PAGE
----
The project I’ve recently started also shares many of the same ideas as Mickey (and is even further from Even Though), but I feel much less panicky about it this time, because I know it will change and develop. Finishing a book doesn’t necessarily mean you’re done processing something or are going to stop thinking about it or being interested in it.
Our Fall issue, replete with fiction, nonfiction, and poetry:
A wide-ranging and revealing conversation between Andrew Foster Altschul and Geoffrey and Tobias Wolff, on writing, memory, and the craft of memoir.
Lori Ostlund’s “A Little Customer Service”: A waitress questions the value of services rendered when she finds herself in the bed—and the distressed home—of a rich, carefree customer.
Ann Cummin’s “Divination”: The burden of a brother toiling the land, serving his no-account father.
Adrienne Celt’s “Big Boss Bitch”: They were certain they’d found the perfect female candidate for president. Then she started thinking on her own.
Mark Chiusano’s “The Better Future Project”: Even amid the work of political protest in the YouTube age, unrequited love can’t be ignored.
A trio of poems from a striking emerging voice, Kaveh Akbar; as well as new stories from Kathleen Alcott, Earle McCartney, and Fatima Bhutto; and nonfiction from Peter Orner (on encountering the work of Alvaro Mutis in Zapatista Chiapas) and Brad Wetherell (on his complicated relationship with a woman he tutors in English in Prague).
Plus a portfolio from artist Kota Ezawa, and poetry from Christopher J. Adamson, Mary Cisper, Mallory Imler Powell, Austen Leah Rosenfeld, Adam Scheffler, and Judith Skillman.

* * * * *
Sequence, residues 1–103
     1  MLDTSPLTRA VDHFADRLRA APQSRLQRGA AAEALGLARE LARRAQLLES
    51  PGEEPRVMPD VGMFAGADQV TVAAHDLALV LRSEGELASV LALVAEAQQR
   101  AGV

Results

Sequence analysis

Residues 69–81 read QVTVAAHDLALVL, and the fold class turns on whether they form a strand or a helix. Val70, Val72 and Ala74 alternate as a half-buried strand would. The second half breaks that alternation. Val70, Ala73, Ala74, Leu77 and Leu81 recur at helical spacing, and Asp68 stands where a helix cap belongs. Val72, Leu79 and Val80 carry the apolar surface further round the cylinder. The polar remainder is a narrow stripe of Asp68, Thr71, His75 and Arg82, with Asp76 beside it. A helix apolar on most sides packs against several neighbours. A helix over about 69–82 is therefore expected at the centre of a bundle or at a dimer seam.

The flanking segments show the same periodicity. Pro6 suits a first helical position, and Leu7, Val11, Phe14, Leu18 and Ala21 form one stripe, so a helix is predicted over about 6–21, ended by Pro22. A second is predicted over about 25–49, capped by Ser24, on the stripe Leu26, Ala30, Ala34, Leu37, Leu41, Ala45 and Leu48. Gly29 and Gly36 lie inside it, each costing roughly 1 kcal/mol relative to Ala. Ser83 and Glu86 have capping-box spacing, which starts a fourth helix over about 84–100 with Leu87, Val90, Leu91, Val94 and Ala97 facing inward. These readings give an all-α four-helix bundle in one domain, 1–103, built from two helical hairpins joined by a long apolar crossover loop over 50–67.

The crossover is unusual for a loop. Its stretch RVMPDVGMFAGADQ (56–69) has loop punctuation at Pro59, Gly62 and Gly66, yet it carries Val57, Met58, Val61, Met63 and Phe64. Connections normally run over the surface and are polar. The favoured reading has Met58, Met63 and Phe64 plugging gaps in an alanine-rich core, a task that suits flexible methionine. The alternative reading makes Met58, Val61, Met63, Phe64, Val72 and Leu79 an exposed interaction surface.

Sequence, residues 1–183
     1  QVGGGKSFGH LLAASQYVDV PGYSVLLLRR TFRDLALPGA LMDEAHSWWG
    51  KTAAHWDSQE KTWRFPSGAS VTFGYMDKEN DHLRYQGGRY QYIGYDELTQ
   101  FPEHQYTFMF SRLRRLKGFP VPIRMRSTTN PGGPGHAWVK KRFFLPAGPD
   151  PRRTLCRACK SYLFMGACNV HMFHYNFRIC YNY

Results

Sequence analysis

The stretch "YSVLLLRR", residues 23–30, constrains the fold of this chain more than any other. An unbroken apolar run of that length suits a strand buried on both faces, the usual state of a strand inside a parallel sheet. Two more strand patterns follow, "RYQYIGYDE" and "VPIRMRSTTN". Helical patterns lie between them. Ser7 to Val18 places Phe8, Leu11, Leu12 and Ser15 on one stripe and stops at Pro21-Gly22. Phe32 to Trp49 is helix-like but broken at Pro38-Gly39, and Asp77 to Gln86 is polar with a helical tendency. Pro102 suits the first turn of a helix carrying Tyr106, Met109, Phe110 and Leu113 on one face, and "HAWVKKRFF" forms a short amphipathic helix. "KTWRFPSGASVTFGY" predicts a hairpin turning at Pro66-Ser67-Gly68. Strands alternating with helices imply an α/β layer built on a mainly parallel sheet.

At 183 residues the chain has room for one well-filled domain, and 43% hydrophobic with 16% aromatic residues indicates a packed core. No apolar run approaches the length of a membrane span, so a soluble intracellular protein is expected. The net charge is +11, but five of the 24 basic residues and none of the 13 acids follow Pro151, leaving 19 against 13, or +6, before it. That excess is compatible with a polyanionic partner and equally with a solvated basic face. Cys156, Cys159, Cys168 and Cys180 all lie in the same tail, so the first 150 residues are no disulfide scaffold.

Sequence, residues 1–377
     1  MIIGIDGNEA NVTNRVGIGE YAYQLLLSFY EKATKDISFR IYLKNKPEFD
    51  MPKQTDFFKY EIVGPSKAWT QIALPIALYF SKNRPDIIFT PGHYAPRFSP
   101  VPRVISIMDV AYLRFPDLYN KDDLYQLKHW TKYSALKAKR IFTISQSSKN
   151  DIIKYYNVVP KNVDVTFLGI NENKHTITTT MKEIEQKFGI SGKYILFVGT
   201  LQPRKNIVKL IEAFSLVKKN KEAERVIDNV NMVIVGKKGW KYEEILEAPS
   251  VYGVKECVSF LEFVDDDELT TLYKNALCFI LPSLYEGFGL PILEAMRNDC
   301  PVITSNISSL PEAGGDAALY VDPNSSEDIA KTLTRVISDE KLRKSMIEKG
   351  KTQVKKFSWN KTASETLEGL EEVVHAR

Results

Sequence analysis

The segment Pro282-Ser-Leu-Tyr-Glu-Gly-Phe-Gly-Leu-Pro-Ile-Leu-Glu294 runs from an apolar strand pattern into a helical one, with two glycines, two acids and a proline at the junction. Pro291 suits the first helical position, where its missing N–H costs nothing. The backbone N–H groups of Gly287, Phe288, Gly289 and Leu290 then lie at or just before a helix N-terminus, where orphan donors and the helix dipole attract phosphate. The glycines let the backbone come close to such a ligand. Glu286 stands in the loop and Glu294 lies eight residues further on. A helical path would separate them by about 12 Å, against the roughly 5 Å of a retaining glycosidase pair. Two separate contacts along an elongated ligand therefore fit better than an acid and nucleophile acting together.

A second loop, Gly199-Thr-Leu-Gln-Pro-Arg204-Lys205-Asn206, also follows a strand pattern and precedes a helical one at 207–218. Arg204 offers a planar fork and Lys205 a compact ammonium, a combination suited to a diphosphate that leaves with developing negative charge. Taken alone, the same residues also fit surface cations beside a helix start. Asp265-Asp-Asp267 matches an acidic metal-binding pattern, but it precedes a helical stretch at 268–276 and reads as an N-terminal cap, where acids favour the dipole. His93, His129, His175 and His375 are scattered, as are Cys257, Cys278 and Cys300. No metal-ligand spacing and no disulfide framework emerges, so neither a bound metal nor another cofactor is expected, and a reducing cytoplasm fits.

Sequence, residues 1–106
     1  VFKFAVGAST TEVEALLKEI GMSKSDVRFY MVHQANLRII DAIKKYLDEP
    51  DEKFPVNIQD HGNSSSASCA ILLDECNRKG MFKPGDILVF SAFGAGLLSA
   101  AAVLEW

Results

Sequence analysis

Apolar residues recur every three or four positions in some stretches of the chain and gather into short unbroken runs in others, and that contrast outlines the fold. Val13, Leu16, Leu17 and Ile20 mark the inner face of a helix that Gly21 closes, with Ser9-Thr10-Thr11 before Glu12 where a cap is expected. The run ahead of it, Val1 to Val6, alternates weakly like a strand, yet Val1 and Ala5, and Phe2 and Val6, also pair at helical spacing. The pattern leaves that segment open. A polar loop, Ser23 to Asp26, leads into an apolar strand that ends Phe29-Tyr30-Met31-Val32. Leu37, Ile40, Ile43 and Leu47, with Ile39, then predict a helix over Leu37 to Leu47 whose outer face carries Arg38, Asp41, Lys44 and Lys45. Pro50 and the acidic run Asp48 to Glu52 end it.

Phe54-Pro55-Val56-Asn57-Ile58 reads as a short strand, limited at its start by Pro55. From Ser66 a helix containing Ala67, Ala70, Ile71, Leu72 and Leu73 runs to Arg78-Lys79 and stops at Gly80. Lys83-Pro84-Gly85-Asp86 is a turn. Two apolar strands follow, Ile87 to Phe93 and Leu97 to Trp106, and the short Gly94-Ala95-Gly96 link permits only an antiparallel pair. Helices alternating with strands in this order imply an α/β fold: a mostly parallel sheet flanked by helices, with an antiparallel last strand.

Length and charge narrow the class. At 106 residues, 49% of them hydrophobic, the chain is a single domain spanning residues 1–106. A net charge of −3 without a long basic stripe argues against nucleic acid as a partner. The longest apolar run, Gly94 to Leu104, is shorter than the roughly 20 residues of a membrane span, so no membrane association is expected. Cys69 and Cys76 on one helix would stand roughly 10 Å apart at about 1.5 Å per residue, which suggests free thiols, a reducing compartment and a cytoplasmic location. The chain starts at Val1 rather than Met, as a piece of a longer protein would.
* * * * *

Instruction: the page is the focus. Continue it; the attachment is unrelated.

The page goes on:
When Donald Trump announced his campaign for the Republican presidential nomination last June, the whole production had a farcical air. The surreal sight of his too-long descent down an escalator, magnified by the hired actors awkwardly cheering him on the entire way, elicited ridicule. His baldly racist nativism was beyond the pale even for dog-whistle Republican politics, and immediately earned him the ire of the GOP establishment. His speech, generally incoherent even as it gave voice to legitimate grievances, didn’t do him any favors; if he couldn’t even articulate a platform, how was he going to run a serious campaign? Pundits laughed at the suggestion that Trump might win the nomination, and media organizations such as CNN were content to exploit his campaign for ratings. In short, Trump’s candidacy seemed dead on arrival.
But his triumph over Republican rivals tells us that if Trump’s campaign is absurd, then there’s something equally absurd about our current moment. It’s difficult to know what to make of an election season where political institutions are failing and all of presidential politics’ truisms are inadequate to understanding our nation.
So what to make of all this? ZYZZYVA’s Dark Days Syllabus looks to fiction, history, economic theory, and other sources to make sense of Trump’s prominence (despite his declining poll numbers). While these readings range from the allegorical to the historical, they all examine the cultural and political forces latent in American society that combined to make Trump’s nomination possible. Also, feel free to suggest a title you’d like to see included in our syllabus in the comments section.